The fifth Social Determinants of Health Symposium is scheduled for April 25, 2016. The focus of the symposium will be race, racism and the healing of Baltimore. Planning is currently underway for the event, and details will be shared here and in our weekly newsletter as available.
Join our listserv to receive news about the 2016 symposium.
Read summaries from the planning meetings for the 2016 symposium:
first planning meeting (Sept. 17)
second planning meeting (Oct. 22)
follow up to the second planning meeting (Oct. 27)
third planning meeting (TBA)
Social determinants of health are conditions in the neighborhood or society in which people are born, live, learn, work, play, worship, and age that affect their health and well-being. Living with poverty, violence and racism are just three examples of conditions that can affect health, often in profound ways.
In Baltimore, people living just five miles apart can have a 20-year difference in life expectancy due to these conditions.
The Social Determinants of Health Symposium was established in 2012 by the Johns Hopkins Office of the Provost to examine the root causes of health inequalities in Baltimore and to identify evidence-based strategies that have been effective locally and nationally.
Our objectives in hosting this annual event:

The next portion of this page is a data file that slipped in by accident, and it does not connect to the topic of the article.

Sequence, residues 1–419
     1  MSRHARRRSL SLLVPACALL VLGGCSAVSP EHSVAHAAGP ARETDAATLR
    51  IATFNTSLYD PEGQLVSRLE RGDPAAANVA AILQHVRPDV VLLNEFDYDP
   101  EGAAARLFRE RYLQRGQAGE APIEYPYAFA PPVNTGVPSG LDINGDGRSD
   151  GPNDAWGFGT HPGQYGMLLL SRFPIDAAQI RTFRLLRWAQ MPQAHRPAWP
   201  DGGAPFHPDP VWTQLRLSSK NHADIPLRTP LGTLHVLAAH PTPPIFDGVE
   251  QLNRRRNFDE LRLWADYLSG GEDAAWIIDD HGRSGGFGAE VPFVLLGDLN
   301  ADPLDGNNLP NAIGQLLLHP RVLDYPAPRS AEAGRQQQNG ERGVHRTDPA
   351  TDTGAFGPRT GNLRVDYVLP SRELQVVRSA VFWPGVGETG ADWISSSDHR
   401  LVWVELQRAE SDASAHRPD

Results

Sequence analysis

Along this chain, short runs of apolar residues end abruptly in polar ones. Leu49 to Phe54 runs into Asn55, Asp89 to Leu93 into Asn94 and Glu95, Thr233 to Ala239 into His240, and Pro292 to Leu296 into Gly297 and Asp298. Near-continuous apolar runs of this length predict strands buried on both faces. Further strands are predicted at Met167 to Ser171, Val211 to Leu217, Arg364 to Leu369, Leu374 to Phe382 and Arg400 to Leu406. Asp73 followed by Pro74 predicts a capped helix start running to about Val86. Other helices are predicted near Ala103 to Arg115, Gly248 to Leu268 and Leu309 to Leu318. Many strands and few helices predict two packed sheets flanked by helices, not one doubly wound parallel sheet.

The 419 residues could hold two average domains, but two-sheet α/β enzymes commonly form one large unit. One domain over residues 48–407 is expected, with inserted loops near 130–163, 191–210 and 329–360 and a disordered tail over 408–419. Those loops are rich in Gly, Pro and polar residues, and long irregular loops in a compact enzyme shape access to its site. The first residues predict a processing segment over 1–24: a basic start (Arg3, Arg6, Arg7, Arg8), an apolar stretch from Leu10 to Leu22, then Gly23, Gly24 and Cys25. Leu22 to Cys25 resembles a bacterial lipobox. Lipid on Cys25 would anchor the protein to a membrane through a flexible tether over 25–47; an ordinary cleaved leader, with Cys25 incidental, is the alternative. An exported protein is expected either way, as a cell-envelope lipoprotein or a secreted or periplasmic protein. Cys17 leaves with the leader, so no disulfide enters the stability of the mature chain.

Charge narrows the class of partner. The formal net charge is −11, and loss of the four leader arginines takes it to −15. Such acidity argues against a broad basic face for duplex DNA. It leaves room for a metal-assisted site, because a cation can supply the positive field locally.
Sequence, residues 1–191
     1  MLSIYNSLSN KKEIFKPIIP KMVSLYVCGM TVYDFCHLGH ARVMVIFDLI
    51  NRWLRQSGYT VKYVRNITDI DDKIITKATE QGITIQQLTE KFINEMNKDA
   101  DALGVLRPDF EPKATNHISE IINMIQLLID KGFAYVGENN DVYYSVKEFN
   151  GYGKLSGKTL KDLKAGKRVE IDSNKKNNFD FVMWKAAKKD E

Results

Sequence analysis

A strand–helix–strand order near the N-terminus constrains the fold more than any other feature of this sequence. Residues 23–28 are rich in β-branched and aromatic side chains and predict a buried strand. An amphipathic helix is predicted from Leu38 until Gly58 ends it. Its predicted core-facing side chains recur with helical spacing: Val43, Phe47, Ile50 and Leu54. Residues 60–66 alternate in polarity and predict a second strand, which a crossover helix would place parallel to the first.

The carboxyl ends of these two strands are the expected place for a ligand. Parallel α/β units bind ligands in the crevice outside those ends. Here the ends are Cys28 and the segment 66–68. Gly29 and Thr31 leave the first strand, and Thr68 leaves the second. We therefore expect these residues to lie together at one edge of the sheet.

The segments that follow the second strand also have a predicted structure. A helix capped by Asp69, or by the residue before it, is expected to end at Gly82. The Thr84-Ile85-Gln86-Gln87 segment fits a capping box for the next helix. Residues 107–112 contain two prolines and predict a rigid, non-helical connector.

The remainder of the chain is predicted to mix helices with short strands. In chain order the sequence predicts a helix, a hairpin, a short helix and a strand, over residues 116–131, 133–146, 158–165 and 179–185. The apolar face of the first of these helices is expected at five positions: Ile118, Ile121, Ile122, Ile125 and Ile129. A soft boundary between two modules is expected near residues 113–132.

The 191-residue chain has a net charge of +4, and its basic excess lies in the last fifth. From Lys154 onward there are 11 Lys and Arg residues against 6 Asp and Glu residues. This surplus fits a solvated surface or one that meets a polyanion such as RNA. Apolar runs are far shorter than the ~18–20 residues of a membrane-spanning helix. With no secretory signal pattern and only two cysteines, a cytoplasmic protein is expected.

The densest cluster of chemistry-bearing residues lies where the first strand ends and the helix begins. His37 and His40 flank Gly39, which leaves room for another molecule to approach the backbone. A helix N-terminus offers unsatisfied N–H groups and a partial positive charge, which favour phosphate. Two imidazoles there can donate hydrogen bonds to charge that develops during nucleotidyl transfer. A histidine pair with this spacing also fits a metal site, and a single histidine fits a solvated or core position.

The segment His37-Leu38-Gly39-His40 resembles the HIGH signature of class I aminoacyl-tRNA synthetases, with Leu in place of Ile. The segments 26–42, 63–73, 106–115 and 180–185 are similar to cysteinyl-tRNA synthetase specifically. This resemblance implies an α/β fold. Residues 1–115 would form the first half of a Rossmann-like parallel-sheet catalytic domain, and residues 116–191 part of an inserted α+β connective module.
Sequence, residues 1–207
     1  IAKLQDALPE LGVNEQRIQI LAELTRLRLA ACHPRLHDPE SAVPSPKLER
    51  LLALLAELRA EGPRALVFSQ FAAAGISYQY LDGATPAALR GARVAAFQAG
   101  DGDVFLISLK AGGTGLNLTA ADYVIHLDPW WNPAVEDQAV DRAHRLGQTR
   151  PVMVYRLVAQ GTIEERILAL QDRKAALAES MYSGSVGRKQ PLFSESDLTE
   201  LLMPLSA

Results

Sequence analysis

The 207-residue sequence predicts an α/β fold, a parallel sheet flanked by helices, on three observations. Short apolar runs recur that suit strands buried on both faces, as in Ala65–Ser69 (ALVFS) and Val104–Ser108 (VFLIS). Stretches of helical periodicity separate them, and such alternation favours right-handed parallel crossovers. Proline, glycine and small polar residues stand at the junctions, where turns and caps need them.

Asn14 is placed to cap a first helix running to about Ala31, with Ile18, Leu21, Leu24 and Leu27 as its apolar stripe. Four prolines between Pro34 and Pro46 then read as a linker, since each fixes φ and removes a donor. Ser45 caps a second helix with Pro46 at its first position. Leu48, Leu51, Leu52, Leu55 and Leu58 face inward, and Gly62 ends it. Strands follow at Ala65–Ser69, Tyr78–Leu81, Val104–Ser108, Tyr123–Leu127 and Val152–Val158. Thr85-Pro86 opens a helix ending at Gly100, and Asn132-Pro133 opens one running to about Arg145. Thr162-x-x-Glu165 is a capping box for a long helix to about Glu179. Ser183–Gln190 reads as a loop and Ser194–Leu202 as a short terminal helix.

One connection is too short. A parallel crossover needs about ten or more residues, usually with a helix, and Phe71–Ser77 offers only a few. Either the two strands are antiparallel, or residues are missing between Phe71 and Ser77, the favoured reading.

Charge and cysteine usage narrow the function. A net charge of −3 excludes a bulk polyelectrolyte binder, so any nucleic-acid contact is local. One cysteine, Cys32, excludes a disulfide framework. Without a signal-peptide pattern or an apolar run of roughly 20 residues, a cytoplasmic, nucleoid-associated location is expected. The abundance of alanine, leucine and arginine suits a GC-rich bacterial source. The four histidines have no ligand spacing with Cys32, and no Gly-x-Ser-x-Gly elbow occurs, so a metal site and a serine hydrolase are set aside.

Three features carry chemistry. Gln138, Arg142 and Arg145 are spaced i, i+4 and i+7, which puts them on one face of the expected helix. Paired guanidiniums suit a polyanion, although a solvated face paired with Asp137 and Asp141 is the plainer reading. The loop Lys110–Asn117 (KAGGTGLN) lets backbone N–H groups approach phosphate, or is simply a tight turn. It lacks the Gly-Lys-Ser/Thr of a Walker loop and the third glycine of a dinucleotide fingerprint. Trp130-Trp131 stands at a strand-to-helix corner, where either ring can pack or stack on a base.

• To create a learning opportunity that will bring together Hopkins faculty, administrators, students, engaged community residents, service professionals and leaders to increase awareness and to collectively identify the central social and neighborhood factors that contribute to the inequalities of health seen in Baltimore.
• To bring together experts (researchers and practitioners) from all relevant sectors to share evidence-based strategies that promote health equity at the community level.
• To highlight innovative partnerships for research and service delivery that address the social determinants of health.
• To identify priorities for Baltimore over the next few years to address the social determinants of health.
• To strengthen existing relationships and foster new ones among and between Johns Hopkins and community partners that together reduce the health inequalities that characterize Baltimore and many American cities.